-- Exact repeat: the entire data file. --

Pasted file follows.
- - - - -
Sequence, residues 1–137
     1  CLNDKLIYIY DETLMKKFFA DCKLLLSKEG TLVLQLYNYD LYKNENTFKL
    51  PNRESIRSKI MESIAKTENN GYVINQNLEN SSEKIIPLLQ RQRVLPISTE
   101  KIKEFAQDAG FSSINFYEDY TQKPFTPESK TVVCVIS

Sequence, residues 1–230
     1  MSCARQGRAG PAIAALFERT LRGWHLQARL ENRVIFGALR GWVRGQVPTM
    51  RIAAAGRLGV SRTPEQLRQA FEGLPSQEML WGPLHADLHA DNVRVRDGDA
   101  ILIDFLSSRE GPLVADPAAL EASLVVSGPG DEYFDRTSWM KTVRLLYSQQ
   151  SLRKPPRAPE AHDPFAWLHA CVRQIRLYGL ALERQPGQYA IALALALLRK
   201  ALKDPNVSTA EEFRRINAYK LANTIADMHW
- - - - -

Sequence, residues 1–137
     1  CLNDKLIYIY DETLMKKFFA DCKLLLSKEG TLVLQLYNYD LYKNENTFKL
    51  PNRESIRSKI MESIAKTENN GYVINQNLEN SSEKIIPLLQ RQRVLPISTE
   101  KIKEFAQDAG FSSINFYEDY TQKPFTPESK TVVCVIS

Sequence, residues 1–230
     1  MSCARQGRAG PAIAALFERT LRGWHLQARL ENRVIFGALR GWVRGQVPTM
    51  RIAAAGRLGV SRTPEQLRQA FEGLPSQEML WGPLHADLHA DNVRVRDGDA
   101  ILIDFLSSRE GPLVADPAAL EASLVVSGPG DEYFDRTSWM KTVRLLYSQQ
   151  SLRKPPRAPE AHDPFAWLHA CVRQIRLYGL ALERQPGQYA IALALALLRK
   201  ALKDPNVSTA EEFRRINAYK LANTIADMHW